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  • Tess Unami

INTUITION

Updated: Oct 26, 2019




Is it practice or innate?


Do I make decisions and take action or do I sit still and let go of control?


I would elegantly start off with The Cambridge Dictionary definition but Wikipedia says it more beautifully: ‘Intuition is the ability to acquire knowledge without recourse to conscious reasoning.’ This is what I suppose many of us want: not have to put more work into knowing what you need to do and what you want. Its precisely this ‘how’ and ‘why’ that we want to come to us as clear as day. This internal navigation system clearly is the first step to taking responsibility for ourselves and constructing the life we want. The question remains, though, do we need to move or do we need to relax to feel and hear it?


Are we, maybe, as we tend to do in society, using intuition and certain skill sets interchangeably and that is why we get confused? Take the example of a documentary I saw several years ago. A scientist said that intuition is practice. He explained that firefighters knew what to do without consciously thinking during big fires and unexpected secondary hazards. This unconscious knowing occurred after years of gained knowledge and continuous field experience. Is this the definition then of intuition, or do we call it something else such as a skill? Or, wait a minute, is intuition a skill?



Anyway, I remember immediately applying it to my life, thinking ‘ok, so, intuition is a feeling that provides instant insight and solutions that does not need to articulate its knowledge into language. Your brain does not need to spend extra energy into processing all possibilities. If we want it we have to accumulate experiences. Repeat specific behaviours and always decide to confront and expose ourselves to experiences again and again. It will enhance fast thinking. Our brain will recognize recurring patterns with ease and be more efficient at generating solutions; it won’t need to expend extra energy it used to require in the beginning stages.’ So, I thought ‘be a hard worker and all will come!’ As you can see, the main associations I got from the documentary about intuition was that it is earlier a skill that I can practice. Similar to implicit learning, having a lot of practice I can leave myself on automatic pilot and still know where to go and what to do then.


Not surprisingly, being an ambitious and living-to-heal-and-self-actualize person, I took the working part, as many people do nowadays in a highly capitalist and competitive environment, to the point of overworking to force intuitive manifestations. It was an over-focus leaning entirely on the taking action aspect. In a way, I lost full sight of intuition also potentially meaning something that is easy and maybe even already there. Forcing work and expecting outcomes to speak to me instead of me listening to and focusing on what I know I want and need in a given moment.


Coming to think of it now, long after doing the over-doing, it seems to be something that has a similar infrastructure as the nature (biology) and nurture (environment) relationship. Nature will not become what it is without nurture; they both interact and stimulate each other. Especially, in the long run, you could argue they both create each other. Movement vs silence or action vs stillness is what I think of when I try to pin-down intuition, I guess. Both are needed to both find and create the answers we seek. We need to keep on moving and part of our routine should include moments of silence, solitude, meditation and reflection. That is how, possibly, in every stage of our lives we can be driven by our intuition. We both refuel it everyday to keep itself updated and make sure we are always recipient to its messages.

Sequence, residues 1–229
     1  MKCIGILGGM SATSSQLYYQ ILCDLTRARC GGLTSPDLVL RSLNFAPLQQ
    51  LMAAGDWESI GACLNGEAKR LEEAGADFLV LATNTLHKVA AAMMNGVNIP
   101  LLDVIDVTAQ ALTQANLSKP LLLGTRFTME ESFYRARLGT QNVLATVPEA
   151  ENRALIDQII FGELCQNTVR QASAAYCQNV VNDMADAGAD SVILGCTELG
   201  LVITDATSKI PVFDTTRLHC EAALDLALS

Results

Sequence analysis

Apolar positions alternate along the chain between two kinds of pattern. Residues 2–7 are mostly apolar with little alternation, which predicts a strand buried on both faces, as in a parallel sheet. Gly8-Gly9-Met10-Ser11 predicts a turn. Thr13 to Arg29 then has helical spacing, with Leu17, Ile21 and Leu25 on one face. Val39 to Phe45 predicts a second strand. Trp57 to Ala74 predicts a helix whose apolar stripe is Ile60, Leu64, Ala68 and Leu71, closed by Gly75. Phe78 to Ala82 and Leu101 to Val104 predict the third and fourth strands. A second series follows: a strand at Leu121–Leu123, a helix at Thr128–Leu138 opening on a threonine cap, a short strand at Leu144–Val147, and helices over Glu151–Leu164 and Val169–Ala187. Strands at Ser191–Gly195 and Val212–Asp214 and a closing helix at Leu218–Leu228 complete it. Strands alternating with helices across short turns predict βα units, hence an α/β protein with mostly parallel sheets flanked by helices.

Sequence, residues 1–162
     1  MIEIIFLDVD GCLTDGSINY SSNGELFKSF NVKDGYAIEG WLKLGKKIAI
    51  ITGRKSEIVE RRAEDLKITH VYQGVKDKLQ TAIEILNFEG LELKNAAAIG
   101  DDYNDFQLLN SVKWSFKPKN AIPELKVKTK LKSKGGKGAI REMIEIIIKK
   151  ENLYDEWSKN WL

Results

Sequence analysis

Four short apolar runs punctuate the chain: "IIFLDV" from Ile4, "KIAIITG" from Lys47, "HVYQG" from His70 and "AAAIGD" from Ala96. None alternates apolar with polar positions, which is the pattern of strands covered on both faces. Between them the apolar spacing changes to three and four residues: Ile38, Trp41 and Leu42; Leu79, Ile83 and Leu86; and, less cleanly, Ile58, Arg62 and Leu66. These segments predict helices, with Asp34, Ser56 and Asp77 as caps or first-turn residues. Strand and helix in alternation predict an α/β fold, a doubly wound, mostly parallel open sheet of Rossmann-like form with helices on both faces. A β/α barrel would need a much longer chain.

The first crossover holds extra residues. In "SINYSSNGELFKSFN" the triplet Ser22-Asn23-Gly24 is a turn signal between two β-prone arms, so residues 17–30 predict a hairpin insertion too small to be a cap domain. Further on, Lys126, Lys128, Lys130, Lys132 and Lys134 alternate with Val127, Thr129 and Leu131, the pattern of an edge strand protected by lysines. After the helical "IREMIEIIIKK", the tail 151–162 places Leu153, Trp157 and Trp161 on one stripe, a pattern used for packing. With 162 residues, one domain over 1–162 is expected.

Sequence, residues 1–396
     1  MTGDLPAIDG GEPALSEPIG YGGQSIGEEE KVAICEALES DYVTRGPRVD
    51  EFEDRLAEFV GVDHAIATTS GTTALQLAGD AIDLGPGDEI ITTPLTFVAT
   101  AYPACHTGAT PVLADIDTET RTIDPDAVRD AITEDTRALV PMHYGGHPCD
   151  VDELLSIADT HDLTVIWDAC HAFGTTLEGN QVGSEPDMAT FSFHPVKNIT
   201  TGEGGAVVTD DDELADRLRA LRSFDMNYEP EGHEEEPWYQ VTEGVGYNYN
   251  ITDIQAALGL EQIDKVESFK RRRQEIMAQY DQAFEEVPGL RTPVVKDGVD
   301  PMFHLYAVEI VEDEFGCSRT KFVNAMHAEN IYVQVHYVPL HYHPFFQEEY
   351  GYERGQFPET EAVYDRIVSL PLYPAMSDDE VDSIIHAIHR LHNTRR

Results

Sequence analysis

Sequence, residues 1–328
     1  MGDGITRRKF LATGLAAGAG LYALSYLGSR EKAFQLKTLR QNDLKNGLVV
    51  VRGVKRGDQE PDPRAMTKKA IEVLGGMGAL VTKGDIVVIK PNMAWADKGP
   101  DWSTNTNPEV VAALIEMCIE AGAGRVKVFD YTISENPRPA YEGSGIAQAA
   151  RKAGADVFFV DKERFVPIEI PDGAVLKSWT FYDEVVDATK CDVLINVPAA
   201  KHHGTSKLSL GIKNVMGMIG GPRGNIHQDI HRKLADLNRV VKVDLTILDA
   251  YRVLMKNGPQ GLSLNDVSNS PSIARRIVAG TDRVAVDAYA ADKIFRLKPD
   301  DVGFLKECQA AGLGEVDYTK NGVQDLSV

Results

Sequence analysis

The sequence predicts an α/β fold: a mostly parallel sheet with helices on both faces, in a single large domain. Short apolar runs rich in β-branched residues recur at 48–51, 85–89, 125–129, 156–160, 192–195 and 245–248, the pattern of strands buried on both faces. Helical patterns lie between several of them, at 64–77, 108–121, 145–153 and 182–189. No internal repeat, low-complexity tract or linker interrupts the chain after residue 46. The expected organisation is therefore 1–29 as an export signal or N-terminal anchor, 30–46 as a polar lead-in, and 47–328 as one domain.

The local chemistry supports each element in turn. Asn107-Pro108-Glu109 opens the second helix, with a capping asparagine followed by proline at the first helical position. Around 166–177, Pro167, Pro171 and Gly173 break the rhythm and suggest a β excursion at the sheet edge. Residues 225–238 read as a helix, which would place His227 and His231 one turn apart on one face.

Let me share some ideas below.


Stillness or silence part:


Meditation is a good point to begin with since it will melt the shackles that your mind holds to what must be thought and done. It will allow freedom from forced attention (to specific ideas, ideologies or images) and give space for some healthy solitude. Healthy because being with your own thoughts without external input and need to concentrate on stimuli will give room for that underlying voice that may be truly your own. Every moment we are focused on a select amount of stimuli leaving out the majority of what is happening. To a large extent, we have been taught by our environment what we should focus our attention on both implicitly and explicitly. This means we are not fully aware of everything we have left out if we don´t take a moment to step away and self-reflect. Here is when de-concentration, such as meditation, is necessary to re-train our ability for solitude. We get in touch with multiple sensations and thoughts that would otherwise be gated away.


Another important aspect of stillness, letting go and relaxing would be trusting. I remember while teaching a class on Communication and Diagnostic Skills at University and asking my students about trust. Some even rolled their eyes like it was an obvious and too-simple-to-even-care-about subject. Answers to my deep question ‘what is trust?’ were ‘well, its a vibe’. I smiled and said something like ‘lovely, so whenever someone asks you as a psychologist what is trust your scientific answer will be its a vibe’. They laughed and their body language definitely acknowledged there is much more to it and that a vague answer such as ‘issa vibe’ is not going to do it. The thing is, with trust one becomes open and is confident. Feeling safe and comfortable one is more recipient to feelings and more courageous taking further action down the line. In a state of trust we are not being governed by fear which would otherwise make us automatically extend our needs and wants to be externally met. We would depend on other’s guidance which by default would mean we ignore our own navigation system.